Even our world-famous Indonesian Rijsttafel (rice table), a banquet of many dishes, was a Dutch colonial creation. Do you think that the average “inlander” (native) would have had the time and money to enjoy such a luxury?

They say you are what you eat, but what about what comes out of our mouths? Bahasa Indonesia is also a product of imports, including Sanskrit, Arabic, Persian, Chinese, Japanese, Tamil, Dutch, Portuguese and English.

In fact, there are so many loanwords from other languages (look up Wikipedia’s entry on Loan words in Indonesian) that a book containing 20,000 of them, Russell Jones’ Loan Words in Indonesian, was recently published.

What about what we believe? Hinduism and Buddhism, the two oldest religions in Indonesia, were brought in by Indian traders. Islam is from the Middle East, brought here by a host of ethnicities, including Gujarati traders and Chinese merchants.

The Portuguese brought Catholicism with them, and the Dutch Protestantism, while Confucianism came with Chinese merchants and immigrants. So, is there any native Indonesian belief system? Yes, animism, which everyone – from Muslims to Christians – has tried to marginalize.

How about clothing? Well, it’s mainly Western, while traditional costumes have long been infl uenced by Chinese, Indian and (especially nowadays!) Arab cultures. Even the peci, the black cap that Sukarno and hundreds of others after him wear as a symbol of nationalism, is a take on the Turkish fez.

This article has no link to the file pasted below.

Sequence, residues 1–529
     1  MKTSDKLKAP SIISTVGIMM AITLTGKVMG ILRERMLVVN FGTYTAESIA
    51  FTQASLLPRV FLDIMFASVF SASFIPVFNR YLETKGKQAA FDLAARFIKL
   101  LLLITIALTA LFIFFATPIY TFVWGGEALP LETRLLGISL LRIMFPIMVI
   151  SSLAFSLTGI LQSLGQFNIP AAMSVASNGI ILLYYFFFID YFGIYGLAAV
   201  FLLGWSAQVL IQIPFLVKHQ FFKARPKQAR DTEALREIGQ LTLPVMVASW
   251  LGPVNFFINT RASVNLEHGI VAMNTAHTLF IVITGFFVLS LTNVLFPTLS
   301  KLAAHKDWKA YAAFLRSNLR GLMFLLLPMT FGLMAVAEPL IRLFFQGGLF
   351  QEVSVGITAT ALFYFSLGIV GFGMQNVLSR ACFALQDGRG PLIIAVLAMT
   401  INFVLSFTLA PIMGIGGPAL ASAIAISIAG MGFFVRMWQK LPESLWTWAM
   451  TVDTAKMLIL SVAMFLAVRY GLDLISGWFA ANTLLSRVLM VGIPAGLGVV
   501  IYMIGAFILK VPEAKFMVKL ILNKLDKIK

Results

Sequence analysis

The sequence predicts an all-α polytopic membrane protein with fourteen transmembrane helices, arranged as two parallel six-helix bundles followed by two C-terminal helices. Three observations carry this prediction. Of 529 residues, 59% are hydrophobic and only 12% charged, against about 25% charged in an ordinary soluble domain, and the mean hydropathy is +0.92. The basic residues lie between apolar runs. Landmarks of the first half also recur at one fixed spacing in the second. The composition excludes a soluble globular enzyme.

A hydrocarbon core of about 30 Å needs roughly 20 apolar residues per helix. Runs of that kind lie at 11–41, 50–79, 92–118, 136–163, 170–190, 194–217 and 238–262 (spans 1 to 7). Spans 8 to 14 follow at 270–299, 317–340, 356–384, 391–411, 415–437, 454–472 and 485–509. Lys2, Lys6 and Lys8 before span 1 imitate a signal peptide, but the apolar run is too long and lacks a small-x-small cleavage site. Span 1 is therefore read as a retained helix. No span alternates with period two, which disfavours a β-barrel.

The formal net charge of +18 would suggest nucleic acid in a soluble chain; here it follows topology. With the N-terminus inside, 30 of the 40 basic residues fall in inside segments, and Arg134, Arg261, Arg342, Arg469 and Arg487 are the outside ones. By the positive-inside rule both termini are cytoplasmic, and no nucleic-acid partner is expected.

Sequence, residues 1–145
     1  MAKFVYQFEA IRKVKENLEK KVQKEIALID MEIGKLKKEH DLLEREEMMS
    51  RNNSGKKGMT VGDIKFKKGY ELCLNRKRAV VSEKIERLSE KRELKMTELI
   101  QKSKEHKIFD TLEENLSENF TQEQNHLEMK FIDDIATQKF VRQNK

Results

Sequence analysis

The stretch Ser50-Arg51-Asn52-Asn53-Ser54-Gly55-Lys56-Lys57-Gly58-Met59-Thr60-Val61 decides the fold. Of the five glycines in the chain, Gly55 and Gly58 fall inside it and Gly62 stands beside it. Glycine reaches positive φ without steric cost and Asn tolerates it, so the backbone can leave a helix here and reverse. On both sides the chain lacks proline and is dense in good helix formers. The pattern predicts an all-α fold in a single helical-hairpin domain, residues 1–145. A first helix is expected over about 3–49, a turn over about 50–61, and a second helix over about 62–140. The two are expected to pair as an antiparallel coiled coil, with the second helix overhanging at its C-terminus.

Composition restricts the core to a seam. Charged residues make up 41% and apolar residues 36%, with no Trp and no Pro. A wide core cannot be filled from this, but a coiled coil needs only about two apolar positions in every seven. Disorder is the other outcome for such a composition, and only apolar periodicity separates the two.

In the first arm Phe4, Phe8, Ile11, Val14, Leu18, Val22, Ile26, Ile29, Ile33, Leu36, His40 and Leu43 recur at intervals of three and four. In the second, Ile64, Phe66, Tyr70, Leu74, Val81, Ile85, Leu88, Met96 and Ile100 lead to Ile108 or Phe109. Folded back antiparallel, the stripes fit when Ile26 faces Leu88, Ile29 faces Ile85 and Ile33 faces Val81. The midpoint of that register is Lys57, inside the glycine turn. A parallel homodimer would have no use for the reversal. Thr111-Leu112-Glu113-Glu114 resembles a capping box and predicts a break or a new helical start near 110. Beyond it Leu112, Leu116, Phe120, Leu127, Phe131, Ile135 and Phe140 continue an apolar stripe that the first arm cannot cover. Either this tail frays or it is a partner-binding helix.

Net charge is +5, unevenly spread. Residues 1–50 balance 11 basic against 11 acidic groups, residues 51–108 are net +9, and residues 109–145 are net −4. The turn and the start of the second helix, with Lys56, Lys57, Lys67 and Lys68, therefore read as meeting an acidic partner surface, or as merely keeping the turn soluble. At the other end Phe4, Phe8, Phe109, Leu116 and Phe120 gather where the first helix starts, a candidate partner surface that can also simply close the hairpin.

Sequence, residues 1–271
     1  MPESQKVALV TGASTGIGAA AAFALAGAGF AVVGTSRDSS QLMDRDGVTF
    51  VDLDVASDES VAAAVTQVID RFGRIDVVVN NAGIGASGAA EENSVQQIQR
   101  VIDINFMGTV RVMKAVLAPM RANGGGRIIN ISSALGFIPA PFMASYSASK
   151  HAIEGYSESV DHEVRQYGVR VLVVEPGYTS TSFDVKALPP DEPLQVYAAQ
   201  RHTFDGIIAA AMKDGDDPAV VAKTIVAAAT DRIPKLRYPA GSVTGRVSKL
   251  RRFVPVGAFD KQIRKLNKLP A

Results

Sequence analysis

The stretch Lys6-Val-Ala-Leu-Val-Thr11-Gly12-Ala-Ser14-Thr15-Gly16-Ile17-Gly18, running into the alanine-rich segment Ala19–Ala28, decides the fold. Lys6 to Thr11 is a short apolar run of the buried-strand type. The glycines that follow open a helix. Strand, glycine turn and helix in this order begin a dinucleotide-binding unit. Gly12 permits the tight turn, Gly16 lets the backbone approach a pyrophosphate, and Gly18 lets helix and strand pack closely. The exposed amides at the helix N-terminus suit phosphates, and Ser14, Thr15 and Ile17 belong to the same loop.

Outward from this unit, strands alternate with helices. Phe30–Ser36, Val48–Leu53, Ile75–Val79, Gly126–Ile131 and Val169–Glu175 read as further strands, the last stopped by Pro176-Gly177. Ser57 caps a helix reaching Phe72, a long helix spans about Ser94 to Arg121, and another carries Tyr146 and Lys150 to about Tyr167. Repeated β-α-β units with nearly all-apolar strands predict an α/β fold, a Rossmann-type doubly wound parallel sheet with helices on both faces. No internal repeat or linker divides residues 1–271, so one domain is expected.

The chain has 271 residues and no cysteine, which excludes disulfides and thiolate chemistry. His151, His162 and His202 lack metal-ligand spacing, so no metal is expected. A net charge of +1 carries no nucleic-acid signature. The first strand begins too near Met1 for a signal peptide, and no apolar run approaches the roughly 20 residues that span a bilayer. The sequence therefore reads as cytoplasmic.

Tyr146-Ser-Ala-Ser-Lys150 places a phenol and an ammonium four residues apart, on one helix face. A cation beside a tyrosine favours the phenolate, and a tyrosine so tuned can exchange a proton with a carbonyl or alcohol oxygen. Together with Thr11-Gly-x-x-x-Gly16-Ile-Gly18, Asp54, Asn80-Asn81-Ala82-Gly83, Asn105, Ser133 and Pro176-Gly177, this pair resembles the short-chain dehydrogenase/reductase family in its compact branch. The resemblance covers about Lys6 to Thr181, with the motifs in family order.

I could go on about theatre, dance, music, technology – and don’t even get me started about our economic and political system – but it seems pretty clear that Indonesian cultures (yes, it’s plural!) are a long-simmering stew of foreign infl uences.

And this is because Indonesia has always been a globalized society at a crossroads of nations, straddling as it does the sea lanes between India and China.

Our cities have thus always been entrepots, so it’s hardly surprising that our communities are still syncretic and eclectic – a giant archipelagic bourse for cultures, religions and ideas.

Globalization is neither new nor scary, and certainly not a product of modernity. History, fi lled with conquests, commerce and (religious) conversions, has for centuries produced hugely successful globalized entrepots like Rome, Alexandria, Venice, Ottoman Istanbul … and Jakarta.

Gado-gado without peanuts, sambal without chili, tempe without soybeans? Unimaginable right? In fact, without globalization and foreign infl uences, Indonesia itself is unimaginable.

We wouldn’t have any of the offi cially-recognized religions, we wouldn’t be speaking Bahasa Indonesia, and we’d have no coffee (from Ethiopia) or tea (from China) to chat over (our national pastime), and no stinky kreteks to smoke while doing so (tobacco is from America).

Even Balinese dancing girls would be unable to dance the (Indian) Ramayana or Mahabharata tales. And they couldn’t even wear frangipani in their hair, either because that quintessentially tropical fl ower is – you guessed it! – another Latin America import.

So maybe Karenina is just another expression of our gloriously globalized and diverse community, and not so “un-Indonesian” after all? As for Mega-Pro, would someone be so kind as to give them a free lesson in globalization and the cultural history of our not-so traditional country?

The writer is the author of Julia’s Jihad.